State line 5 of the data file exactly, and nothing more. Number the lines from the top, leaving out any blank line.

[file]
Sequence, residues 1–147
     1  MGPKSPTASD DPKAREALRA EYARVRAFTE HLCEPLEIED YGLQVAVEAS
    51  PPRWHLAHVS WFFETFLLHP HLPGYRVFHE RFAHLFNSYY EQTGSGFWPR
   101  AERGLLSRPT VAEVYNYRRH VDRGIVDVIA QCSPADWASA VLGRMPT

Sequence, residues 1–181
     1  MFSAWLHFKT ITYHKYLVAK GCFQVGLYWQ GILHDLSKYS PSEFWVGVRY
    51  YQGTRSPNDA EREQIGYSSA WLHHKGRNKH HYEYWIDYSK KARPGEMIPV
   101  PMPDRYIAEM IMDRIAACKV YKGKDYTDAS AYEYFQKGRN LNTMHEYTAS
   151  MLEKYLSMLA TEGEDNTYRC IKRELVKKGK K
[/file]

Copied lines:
Sequence, residues 1–181